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What is a PV Module IV Curve?

The IV curve of a PV module is a graphical representation of the relationship between its current and voltage output under given sunlight (irradiance) and temperature conditions. It is obtained by measuring the current and voltage output of a module while varying the load.

What Parameters Can We Get From the IV Curve?

Some of the main parameters found from an IV curve include the open-circuit voltage (Voc), the short-circuit current (Isc), the maximum power point voltage (Vmpp), the maximum power point current (Impp), the maximum power (Pmax), and the fill factor (FF). The Voc is the maximum voltage that can be obtained from the module when there is no load connected, while the Isc is the maximum current that the module can produce when its output is shorted. Vmpp and Impp represent the combination of voltage and current that results in the highest power output (Pmax) from the module. The fill factor is a measure of how well the module performs and is calculated as the ratio of Pmax to the product of the Voc and Isc.

Solar IV Curve

What Determines the Shape of the IV Curve?

The sloping shape of the IV curve is due to physical processes that occur within the PV cells. In a PV cell, photons from the sun are absorbed by the semiconductor material, creating electron-hole pairs. The electric field within the cell separates the electron-hole pairs, creating a flow of current.

At low voltages, the current is limited by the resistance of the cell, but at higher voltages, the current output is limited by charge carrier recombination processes, which reduce the number of electron-hole pairs available to contribute to the current. This results in a decrease in the current output as voltage increases until it reaches zero at the open-circuit voltage (Voc).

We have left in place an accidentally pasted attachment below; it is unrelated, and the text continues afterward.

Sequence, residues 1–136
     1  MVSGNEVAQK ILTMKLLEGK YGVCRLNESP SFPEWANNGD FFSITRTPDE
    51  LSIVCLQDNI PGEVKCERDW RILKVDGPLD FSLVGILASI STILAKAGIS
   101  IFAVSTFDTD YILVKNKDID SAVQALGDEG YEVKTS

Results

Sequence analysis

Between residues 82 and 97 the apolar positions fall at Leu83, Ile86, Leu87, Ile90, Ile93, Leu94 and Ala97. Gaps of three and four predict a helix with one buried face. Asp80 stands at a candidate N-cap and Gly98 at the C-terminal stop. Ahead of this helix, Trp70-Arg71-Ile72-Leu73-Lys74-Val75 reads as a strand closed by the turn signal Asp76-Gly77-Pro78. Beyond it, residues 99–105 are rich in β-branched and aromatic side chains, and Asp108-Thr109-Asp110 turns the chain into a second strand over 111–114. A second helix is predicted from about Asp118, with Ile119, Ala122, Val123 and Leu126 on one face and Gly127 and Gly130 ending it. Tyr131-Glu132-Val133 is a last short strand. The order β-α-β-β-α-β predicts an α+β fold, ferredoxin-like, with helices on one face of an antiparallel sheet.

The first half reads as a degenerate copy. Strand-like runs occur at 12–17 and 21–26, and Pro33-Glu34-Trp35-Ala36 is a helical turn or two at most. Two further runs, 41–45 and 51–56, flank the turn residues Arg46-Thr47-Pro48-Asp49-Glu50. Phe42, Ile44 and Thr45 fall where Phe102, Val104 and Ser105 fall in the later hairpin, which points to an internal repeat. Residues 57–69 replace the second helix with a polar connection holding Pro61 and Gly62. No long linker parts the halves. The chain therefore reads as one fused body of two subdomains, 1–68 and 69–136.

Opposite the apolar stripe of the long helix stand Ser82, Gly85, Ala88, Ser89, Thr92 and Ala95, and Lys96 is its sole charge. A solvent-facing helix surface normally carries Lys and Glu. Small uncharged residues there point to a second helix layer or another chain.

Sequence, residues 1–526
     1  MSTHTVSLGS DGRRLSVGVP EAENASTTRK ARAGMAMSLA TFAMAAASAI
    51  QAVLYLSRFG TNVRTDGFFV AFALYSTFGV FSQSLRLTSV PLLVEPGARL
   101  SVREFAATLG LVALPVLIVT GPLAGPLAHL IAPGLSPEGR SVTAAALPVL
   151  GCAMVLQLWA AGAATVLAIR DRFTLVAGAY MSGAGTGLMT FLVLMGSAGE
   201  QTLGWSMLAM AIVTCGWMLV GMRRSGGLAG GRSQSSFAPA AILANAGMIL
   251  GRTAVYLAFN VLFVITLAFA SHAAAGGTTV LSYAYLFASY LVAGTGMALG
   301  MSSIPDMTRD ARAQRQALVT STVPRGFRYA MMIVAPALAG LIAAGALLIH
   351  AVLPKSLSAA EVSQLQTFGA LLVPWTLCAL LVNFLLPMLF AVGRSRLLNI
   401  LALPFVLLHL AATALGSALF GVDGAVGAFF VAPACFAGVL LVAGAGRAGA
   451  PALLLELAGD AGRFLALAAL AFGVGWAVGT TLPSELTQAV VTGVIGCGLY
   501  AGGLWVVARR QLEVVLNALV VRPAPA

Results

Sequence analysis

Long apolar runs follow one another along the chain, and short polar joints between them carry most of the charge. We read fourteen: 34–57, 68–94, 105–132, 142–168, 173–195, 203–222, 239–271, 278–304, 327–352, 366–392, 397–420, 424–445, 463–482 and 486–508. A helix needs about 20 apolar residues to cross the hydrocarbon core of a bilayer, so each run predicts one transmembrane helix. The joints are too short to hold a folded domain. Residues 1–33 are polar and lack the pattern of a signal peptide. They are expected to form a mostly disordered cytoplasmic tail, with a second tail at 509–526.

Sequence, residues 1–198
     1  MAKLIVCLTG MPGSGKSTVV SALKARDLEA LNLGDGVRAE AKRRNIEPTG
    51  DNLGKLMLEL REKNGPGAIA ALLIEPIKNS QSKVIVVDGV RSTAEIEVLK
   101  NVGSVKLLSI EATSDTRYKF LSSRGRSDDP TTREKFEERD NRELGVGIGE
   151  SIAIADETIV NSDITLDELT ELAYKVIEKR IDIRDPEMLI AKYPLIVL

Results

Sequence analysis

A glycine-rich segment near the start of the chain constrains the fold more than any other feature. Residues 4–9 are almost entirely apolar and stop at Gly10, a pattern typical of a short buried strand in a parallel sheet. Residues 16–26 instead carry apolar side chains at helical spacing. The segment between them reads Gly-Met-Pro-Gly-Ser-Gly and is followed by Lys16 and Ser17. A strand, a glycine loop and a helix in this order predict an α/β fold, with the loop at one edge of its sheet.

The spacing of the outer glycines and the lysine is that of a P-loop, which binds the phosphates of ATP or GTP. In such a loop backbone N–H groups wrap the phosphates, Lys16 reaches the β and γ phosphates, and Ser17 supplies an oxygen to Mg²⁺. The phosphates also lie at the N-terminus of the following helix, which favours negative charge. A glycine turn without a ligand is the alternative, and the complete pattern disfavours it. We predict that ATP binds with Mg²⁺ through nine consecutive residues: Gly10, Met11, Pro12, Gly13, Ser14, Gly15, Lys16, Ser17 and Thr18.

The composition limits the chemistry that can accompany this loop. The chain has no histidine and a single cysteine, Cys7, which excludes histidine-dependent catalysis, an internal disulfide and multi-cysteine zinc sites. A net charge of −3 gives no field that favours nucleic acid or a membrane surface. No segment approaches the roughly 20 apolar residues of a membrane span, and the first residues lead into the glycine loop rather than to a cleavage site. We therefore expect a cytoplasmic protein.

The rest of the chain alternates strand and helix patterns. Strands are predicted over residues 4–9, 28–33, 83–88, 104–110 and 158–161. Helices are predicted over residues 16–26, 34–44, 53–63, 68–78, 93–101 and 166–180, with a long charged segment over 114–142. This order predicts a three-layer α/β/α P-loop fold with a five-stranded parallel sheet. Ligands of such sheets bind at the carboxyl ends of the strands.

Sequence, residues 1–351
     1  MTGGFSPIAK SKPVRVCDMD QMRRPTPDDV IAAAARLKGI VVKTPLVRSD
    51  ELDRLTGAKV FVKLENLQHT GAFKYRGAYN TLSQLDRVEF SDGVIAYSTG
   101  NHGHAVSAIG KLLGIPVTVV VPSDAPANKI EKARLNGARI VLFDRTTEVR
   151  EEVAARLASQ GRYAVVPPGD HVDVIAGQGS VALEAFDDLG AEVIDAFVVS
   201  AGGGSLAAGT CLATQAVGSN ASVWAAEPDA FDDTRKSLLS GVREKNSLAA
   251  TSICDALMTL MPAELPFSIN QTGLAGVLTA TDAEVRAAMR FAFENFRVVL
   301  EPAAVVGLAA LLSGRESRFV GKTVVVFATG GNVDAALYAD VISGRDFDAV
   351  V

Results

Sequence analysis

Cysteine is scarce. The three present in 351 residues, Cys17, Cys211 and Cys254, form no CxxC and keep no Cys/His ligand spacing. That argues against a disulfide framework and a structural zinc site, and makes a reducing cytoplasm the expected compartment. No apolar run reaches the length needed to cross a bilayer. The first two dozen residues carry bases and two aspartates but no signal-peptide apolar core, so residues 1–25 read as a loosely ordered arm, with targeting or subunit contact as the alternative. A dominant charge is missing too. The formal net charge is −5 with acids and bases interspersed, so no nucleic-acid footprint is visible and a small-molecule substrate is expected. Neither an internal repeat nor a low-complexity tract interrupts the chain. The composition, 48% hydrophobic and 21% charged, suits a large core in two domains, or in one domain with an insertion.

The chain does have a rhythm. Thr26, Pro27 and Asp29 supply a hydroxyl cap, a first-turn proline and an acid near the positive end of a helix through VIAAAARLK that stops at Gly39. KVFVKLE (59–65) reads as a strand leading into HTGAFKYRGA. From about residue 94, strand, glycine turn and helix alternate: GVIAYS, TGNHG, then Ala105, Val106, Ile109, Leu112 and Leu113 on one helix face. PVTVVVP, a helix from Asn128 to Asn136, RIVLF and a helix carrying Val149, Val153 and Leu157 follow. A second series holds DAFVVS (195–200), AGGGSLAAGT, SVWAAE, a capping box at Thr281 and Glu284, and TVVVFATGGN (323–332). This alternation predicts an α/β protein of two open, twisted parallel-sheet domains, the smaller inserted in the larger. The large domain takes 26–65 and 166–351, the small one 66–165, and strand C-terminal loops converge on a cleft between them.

This sloping shape can be characterized by the solar cell’s fill factor. The fill factor represents the ratio of the maximum power that a solar cell can produce (Pmax) to the power that could be produced if the cell was operating at its open-circuit voltage and short-circuit current. A higher fill factor indicates a more efficient solar cell, meaning that the cell can convert the available sunlight into a greater amount of electrical energy.

Solar IV Curve Fill Factor

Both series and shunt resistance can significantly reduce the fill factor and therefore the overall efficiency of a PV cell.

Series resistance refers to the resistance of the conducting path within the PV cell, which can be caused by the resistance of the cell's metal contacts, the resistance of the semiconductor material itself, and the resistance of any interconnects between the cells. Series resistance should be as low as possible for good efficiency. A high series resistance decreases the fill factor.

Shunt resistance refers to unintentional current flow inside the cell, which can occur due to defects in the semiconductor material. For good efficiency, shunt resistance should be as high as possible. whereas series resistance should be as low as possible.

How Does Non-Uniform Soiling Change the Shape of the IV Curve?

Non-uniform soiling refers to the irregular buildup of particulate matter on a solar module. When some PV cells are shaded more than others, the IV curve of a full-sized module behaves differently than if all the cells are shaded uniformly. This is because the most-shaded cells may be bypassed at different points along the IV curve, creating a complicated stepped curve.

In this situation, losses in maximum power (Pmax) are not
necessarily proportional to any losses in short-circuit current
(Isc). To properly measure power losses, Atonometrics offers a PV module measurement device that measures IV curves on modules operating in a string. See RDE300i PV Module Measurement System for more information.

Solar IV Curve with Non-Uniform Soiled Panel and RDE300i